Tag Archives: crisis

The U.S. in the role of Byzantium in a neo-medieval geopolitical balance…interesting.

You have to go back a thousand years to find a time when the world was genuinely western and eastern at the same time. Then, China’s Song dynasty presided over the world’s largest cities, mastered gunpowder and printed paper money. At around the same time India’s Chola empire ruled the seas to Indonesia, and the Abbasid caliphate dominated from Africa to Persia. Byzantium swayed and lulled in weakness both due to and despite its vastness. Only in Europe is this medieval landscape viewed negatively. This was a truly multi-polar world.

Parag Khanna, “Future Shock? Welcome to the New Middle Ages,” Financial Times, December 28, 2010 (link to non-paywall version)

I have a more visceral reaction to the TSA’a assumption of powers over our bodies rather than over air security. Too many stories of removed prostheses, excremental bodies, and other humiliations that evince a move toward a more violent biopolitics, a reduction of travelers to “bare life” (v. Agamben) rather than regarding them as citizens, as subjects of rights.

Nevertheless, Tyler Cowen makes two great points today:

The biggest flying/airport outrages are a lack of markets in allocating scarce resources, and the resulting unacceptable airport and flight delay problems in places such as JFK and LaGuardia.  Next come airlines which ruthlessly screw you over, repeatedly, and lie to you and mistreat you.  I do understand the trade-off and prefer the lower prices and fewer quality assurances; still, you can object to their behavior at the margin — it’s often unethical.  Let’s get worked up over these problems first.   

The issue reminds me of the taxation and spending debates; many Americans want low taxes and high government spending, forever.  For airline security, at times we want to treat it as a matter of mere law enforcement, to be handled by others, and one which should not inconvenience our daily lives or infringe on our rights.  At the same time, so many Americans view airline security as a vital matter of foreign policy and indeed as part of a war.  We own and promote this view and yet we are outraged when asked to behave as one might be expected to in a theater of war.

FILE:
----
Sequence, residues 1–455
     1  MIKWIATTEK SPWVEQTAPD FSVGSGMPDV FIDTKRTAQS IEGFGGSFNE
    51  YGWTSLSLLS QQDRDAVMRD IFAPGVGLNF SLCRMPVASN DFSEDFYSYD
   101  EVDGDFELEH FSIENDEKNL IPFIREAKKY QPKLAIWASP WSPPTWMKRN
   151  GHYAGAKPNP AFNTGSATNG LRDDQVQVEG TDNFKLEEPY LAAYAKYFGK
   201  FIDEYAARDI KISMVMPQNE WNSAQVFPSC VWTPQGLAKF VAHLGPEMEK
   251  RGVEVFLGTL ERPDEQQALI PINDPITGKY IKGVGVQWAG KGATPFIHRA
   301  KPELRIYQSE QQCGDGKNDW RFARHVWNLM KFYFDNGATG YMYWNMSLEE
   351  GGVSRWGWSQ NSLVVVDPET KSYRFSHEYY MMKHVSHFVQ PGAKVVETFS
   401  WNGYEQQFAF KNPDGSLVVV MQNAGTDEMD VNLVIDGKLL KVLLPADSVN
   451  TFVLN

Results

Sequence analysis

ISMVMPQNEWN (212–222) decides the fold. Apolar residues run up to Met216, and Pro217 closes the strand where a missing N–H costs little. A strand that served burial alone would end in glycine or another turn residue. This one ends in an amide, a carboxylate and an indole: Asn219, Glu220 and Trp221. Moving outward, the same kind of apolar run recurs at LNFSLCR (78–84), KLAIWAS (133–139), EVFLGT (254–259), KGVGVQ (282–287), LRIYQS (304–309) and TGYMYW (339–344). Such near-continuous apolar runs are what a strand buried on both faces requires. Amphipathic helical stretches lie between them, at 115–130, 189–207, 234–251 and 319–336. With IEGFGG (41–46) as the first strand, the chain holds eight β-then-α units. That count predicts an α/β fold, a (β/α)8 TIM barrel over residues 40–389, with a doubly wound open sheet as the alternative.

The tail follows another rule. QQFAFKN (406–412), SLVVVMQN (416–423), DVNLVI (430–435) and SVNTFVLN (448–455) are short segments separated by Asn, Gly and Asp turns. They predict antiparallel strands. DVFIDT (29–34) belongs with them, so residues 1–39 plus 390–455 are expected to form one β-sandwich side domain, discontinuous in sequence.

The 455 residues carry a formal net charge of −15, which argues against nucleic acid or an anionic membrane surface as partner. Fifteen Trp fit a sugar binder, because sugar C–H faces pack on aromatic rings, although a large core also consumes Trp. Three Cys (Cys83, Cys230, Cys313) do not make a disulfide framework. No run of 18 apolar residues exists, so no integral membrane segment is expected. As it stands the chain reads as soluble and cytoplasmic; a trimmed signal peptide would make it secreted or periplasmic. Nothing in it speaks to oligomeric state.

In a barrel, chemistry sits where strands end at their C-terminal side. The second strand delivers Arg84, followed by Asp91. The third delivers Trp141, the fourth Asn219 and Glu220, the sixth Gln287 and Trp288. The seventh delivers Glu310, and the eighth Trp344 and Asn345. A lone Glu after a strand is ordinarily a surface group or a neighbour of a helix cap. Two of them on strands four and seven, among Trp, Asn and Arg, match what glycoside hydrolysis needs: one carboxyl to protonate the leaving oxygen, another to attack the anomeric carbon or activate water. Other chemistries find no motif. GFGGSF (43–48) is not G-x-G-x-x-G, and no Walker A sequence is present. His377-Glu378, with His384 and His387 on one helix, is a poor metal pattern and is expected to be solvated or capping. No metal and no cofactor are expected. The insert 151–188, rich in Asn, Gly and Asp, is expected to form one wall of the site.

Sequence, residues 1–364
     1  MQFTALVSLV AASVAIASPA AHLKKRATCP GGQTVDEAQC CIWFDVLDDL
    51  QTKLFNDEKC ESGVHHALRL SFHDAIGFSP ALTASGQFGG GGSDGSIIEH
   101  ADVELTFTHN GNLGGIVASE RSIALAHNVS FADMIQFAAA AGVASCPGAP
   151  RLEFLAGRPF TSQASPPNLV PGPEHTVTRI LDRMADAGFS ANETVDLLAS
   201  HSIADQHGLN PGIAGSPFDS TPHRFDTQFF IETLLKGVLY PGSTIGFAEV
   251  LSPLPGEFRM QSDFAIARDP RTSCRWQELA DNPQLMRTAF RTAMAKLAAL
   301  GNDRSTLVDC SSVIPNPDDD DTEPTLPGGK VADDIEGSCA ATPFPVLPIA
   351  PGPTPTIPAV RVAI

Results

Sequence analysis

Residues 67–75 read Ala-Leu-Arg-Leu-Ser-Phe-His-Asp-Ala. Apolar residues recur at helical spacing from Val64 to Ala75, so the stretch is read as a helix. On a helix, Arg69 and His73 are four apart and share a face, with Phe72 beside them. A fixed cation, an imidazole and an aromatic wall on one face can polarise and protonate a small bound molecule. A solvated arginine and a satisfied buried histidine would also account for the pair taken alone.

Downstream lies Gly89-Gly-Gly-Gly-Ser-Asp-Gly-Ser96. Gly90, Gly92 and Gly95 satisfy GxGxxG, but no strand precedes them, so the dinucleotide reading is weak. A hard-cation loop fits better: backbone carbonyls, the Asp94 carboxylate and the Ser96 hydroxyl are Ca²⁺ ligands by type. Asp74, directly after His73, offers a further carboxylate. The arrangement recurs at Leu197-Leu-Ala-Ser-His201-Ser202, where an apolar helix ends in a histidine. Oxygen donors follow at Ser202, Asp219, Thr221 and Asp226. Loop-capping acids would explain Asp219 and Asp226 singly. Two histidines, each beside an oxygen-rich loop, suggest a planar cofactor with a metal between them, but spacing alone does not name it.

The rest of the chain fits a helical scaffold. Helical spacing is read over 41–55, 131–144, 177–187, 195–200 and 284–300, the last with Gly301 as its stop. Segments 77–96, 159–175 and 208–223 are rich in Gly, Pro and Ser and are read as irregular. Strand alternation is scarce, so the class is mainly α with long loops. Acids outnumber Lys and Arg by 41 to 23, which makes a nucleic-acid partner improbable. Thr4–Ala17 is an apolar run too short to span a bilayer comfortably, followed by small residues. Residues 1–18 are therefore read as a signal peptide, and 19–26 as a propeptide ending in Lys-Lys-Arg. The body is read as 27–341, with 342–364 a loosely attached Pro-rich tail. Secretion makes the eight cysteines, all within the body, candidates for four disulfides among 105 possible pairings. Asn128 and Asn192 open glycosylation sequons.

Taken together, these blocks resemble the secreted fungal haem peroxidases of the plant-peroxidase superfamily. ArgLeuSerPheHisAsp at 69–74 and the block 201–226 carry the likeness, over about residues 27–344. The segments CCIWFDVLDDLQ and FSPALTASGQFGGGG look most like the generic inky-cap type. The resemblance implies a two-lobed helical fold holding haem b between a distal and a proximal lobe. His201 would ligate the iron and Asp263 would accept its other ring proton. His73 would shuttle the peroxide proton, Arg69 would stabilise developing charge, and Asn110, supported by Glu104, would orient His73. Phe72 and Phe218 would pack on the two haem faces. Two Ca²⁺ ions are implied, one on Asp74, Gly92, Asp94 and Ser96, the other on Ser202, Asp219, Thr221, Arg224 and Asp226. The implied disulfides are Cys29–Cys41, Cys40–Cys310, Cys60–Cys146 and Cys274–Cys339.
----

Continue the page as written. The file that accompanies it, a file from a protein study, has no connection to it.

November 22, 2010, Tyler Cowen, Further thoughts on the TSA debates, Marginal Revolution

Hypothesis: the Roman Empire just became too complex to afford sustaining itself anymore.

According to Tainter, societies become more complex as they try to solve problems. Social complexity can include differentiated social and economic roles, reliance on symbolic and abstract communication, and the existence of a class of information producers and analysts who are not involved in primary resource production. Such complexity requires a substantial “energy” subsidy (meaning resources, or other forms of wealth). When a society confronts a “problem,” such as a shortage of or difficulty in gaining access to energy, it tends to create new layers of bureaucracy, infrastructure, or social class to address the challenge. Eventually, this cost grows so great that any new challenges such as invasions and crop failures cannot be solved by the acquisition of more territory. At that point, the empire fragments into smaller units.

Joseph Tainter, The Collapse of Complex Societies


We may one day look back in regret at this comfortable, civilized time in our lives. We may one day see the American miracle: investments in nothing transformed into just what we deserved.

Some (obvious) claims

  • The current cultural climate in the US stems from three decades of a deliberate, systematic disruption of education. It’s an engineered disease.
  • Corporate fundamentalism (megachurches, scapegoating by means of so-called culturally conservative values, etc.) takes hold as an opportunistic infection in a diseased body. 
  • The media are addicted to celebritizing as such, because celebrity allows them to productize what they sell to viewers in order to attract ad dollars. 
  • Despite the fake outrage about the mainstream media, none of the current crop of radicals in populist clothing would exist otherwise.